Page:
The Folio Society was founded 65 years ago and has been gradually undergoing apotheosis into a National Treasure, to join Radio 4, the Proms, Alan Bennett and the London taxi. Like some hound of heaven, it is in unrelenting pursuit of quality, its books by the best authors old and new produced using the best methods old and new, and new illustrators too, striving to end up with the best that mind, hand and eye can do.
It is not surprising that members of Folio and subscribers to Slightly Foxed are quite often one and the same. Those for whom reading is an important part of life may well hanker after something more in the way of the book beautiful than an airport bookstall or the stickered stacks of three-for-two can offer. Not always, you understand: the motives of someone who only has Folio books on view might be suspect. Have they been bought as a short cut to cultivation, for display only? But for inveterate spine scanners who convince themselves that books are an indicator of character, it is always reassuring to spot some Folio titles mixed in on a person’s shelves, to know he or she has succumbed to their tactile and visual pleasures – the beautifully engineered slipcases, the proper cloth or buckram bindings, the paper that remains unfaded, the well-chosen typefaces, the attention to proportion and space. There is anticipatory pleasure reading the litany of specifications in each year’s catalogue: ‘Quarter-bound cloth with Modigliani paper sides’, ‘Bound in blocked buckram’, ‘Set in Bembo, in Adobe Caslon, in Palatino’, even ‘in Elysium with Clairvaux display’. It is like going to bed with an Elizabeth David cook book after dining off baked beans (four-volume boxed set, yours for £19.95 from Folio, as an introductory offer).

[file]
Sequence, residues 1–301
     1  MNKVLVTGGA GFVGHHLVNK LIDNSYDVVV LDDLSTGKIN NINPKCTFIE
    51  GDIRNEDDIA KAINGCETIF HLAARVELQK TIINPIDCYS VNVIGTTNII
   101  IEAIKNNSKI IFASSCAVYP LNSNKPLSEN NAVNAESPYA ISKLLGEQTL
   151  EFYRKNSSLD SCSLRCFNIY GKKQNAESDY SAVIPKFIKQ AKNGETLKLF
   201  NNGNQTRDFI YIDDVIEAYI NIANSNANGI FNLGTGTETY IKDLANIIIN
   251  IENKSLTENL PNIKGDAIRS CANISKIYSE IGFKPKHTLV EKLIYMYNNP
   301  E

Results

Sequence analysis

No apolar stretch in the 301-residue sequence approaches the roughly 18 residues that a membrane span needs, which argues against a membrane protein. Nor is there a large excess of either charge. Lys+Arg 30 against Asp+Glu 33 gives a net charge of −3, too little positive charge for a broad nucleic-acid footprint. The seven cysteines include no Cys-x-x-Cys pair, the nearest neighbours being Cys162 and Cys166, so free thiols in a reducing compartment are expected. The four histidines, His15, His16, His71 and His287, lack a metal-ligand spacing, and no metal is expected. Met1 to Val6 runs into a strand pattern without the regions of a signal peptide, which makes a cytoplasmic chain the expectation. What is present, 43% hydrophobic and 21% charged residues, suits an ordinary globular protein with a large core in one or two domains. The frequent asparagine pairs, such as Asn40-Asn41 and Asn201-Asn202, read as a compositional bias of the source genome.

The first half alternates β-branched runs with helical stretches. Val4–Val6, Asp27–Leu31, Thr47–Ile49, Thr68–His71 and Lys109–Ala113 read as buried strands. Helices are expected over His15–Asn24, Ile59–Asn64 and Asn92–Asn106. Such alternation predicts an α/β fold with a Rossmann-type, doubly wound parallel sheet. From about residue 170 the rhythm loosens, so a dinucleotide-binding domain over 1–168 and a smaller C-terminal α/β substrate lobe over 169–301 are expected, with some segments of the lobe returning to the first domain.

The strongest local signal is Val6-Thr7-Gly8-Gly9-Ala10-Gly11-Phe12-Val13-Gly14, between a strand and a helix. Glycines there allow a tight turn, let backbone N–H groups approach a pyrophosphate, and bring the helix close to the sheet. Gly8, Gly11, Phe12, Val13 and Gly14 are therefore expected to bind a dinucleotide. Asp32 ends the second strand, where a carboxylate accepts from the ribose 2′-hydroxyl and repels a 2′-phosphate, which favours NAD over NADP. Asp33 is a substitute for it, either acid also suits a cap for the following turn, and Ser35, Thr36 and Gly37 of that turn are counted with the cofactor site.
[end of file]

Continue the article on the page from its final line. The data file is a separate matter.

And then there are the pictures, and the designs on the bindings. Some people are snooty about illustrating grown-up fiction, vapouring on about how their imaginations will generate all the ima
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